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Dec 06

Weathered Brick “Log Cabin” Scarf – Benjamin Krudwig


As an office, we decided that we would love to use Jane and Stephanie’s book, Woven Scarves, as inspiration for our next projects. This book has a wealth of ideas and stunning photos–plenty of ideas to choose from. Each of us thumbed through our copy of the book and chose a scarf that we found personally inspiring. Of course, Denise and I aren’t happy doing just one challenge, we decided that we should also weave our scarves with yarn we spun during Spinzilla.

The author modeling his weathered brick log cabin scarf

I have always been drawn to very graphic patterns. Bold colors and high contrast are immediate attention-getters for me. I love color-and-weave patterns because, though they look like a complex deal, once you get past the threading, it’s all plain weave from there. This is what drew me to the Log Cabin scarf in the book. I knew at that moment that I would do my own log cabin scarf. Because the yarn I chose to use was variegated, I knew that my finished piece wouldn’t be a traditional looking log cabin pattern. This made me even more excited to warp and weave my scarf!

Two skeins of yarn, one in reds, oranges, and browns,  the other in deep blues and turquoise

My hand dyed and handspun yarn in the colors “Ghost Ranch” on the left and “New England Tide” on the right

I chose a color scheme based on a photo that I took while my wife and I were on a trip to Boston. This inspiration came from a side alley on my way to a coffee shop. The weathered brick was stunning in the cold February light, a contrast of cool and warm.

A photo of weathered brick on the side of a building in Boston, Massachusetts

Exposed bricks in a Boston alley inspired this color scheme lending to the truth, that inspiration can be found anywhere!

A close up begins to reveal the log cabin pattern.

A close up begins to reveal the log cabin pattern.

I warped up my 15″ Cricket Loom with 140 ends giving me 14″ in the reed. My sett ended up being 10 epi, whereas the chunky log cabin scarf in the book boasts 5 epi. I did pattern blocks of 20 picks, which ended up being perfect for my yarn. Since the yarn varied in hue and saturation, the log cabin pattern isn’t immediately apparent, yet upon closer inspection, the structured blocks become more visible.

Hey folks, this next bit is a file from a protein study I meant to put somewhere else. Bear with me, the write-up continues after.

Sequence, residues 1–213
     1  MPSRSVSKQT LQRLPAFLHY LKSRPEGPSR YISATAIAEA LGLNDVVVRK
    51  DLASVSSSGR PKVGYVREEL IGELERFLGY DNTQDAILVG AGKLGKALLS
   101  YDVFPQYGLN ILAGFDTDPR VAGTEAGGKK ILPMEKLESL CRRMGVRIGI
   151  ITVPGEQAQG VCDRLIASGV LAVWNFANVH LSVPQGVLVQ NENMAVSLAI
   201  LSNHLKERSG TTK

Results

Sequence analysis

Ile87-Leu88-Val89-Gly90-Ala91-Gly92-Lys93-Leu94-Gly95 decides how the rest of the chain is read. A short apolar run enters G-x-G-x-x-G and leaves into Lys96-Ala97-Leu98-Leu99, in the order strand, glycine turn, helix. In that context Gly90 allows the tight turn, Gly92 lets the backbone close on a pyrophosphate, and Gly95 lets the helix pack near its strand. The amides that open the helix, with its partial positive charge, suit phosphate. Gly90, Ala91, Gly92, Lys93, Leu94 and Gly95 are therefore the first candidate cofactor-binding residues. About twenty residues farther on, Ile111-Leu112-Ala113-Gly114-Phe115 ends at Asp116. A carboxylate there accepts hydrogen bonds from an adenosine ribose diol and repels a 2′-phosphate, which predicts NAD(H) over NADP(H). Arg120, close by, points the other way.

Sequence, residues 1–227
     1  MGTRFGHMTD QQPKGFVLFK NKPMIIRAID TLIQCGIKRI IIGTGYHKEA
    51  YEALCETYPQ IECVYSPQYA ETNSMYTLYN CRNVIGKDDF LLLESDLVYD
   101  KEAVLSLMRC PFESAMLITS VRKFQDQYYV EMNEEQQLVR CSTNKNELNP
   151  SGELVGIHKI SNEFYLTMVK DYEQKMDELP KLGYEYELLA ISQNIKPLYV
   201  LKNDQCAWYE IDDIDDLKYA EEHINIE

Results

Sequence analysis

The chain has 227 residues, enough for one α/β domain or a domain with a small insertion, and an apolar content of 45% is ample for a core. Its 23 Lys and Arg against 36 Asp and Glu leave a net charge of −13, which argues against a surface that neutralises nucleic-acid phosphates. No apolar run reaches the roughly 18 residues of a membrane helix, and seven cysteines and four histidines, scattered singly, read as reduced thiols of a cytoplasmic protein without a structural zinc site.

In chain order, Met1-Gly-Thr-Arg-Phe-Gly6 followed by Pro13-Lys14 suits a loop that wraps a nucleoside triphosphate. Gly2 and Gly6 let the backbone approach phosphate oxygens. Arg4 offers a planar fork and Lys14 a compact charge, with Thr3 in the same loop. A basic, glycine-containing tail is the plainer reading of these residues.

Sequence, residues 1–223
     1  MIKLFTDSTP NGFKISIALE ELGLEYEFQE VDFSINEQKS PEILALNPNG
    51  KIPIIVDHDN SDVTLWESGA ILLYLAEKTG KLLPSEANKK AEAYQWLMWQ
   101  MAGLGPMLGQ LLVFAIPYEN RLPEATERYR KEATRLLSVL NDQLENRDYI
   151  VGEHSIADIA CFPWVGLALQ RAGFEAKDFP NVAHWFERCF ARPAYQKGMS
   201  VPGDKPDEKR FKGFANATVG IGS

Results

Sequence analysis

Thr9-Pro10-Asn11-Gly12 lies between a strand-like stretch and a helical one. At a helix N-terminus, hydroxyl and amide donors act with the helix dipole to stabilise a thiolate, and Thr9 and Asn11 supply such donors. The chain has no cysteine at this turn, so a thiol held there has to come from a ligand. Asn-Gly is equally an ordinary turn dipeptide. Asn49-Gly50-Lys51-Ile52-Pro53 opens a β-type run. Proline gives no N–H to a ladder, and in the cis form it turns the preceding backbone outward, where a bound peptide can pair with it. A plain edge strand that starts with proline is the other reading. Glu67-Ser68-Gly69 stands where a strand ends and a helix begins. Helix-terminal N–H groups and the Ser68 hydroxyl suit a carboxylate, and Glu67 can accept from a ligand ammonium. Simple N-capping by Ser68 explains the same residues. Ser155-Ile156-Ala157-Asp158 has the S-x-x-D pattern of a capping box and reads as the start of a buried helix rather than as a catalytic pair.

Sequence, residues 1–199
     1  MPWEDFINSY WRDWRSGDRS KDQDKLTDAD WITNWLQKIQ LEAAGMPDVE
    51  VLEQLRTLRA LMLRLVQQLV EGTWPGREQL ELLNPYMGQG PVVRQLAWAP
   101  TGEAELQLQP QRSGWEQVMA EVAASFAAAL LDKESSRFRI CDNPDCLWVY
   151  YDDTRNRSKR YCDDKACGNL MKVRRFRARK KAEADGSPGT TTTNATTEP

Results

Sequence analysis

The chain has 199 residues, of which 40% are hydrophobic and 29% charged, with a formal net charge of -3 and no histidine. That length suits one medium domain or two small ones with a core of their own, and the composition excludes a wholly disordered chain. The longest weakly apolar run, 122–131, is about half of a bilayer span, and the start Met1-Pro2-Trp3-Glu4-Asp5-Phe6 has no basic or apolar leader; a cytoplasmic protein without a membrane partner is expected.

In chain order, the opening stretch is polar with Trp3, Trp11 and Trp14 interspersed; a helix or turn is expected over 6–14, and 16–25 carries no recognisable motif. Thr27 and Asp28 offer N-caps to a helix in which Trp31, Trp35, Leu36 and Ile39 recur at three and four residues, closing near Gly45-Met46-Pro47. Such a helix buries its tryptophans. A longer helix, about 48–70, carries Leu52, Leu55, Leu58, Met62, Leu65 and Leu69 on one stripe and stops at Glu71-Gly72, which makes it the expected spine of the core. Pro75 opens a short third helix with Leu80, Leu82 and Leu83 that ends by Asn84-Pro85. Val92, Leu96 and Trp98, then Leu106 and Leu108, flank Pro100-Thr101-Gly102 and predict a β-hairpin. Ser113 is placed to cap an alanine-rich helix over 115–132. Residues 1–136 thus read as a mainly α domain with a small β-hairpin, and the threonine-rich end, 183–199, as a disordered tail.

Closer magnification reveals the alternating blocks of horizontal then vertical stripes

A closer look lends a more structured view

Using my two variegated yarns created a surprisingly beautiful fabric that had an organized chaos that I love so much. I finished my scarf by separating the different colors of yarn and fringe twisting them together.

Make your own log cabin scarf, and show us on our Facebook page!

Find this project and more on our Pinterest!


  1. Lydia
    December 8, 2014 at 3:24 pm ·

    Love it, Benjamin! Still waiting on the braided scarf pattern! hint, hint 🙂

  2. Benjamin
    December 8, 2014 at 3:56 pm ·

    Hi Lydia! I am working on something special for that one! I am VERY excited about it!

  3. Gina
    December 9, 2014 at 3:06 am ·

    This is gorgeous! Makes me want to get my Cricket out again. I didn't know you could do Log cabin on a rigid heddle. But I am just learning so I don't know much anyway. 🙂 I might copy this idea with some of my handspun.

  4. Deirdre Collins
    December 18, 2014 at 5:59 pm ·

    Oh I love this! What a mix of gorgeous color within a gridded structure.

  5. Benjamin
    December 19, 2014 at 7:29 pm ·

    Thanks Gina! not only is it possible to do log cabin on a rigid heddle, it is ridiculously easy!
    Thanks Deidre! it's one of my favorite projects that I have done!

  6. Stacy
    May 12, 2015 at 3:20 pm ·

    Your dyed wool is beautiful. Could you point me in a direction as to how it's done?

  7. Benjamin
    May 13, 2015 at 2:12 pm ·

    Hi Stacy! There isn't a tutorial for that currently but there may be a blog later on down the road for it!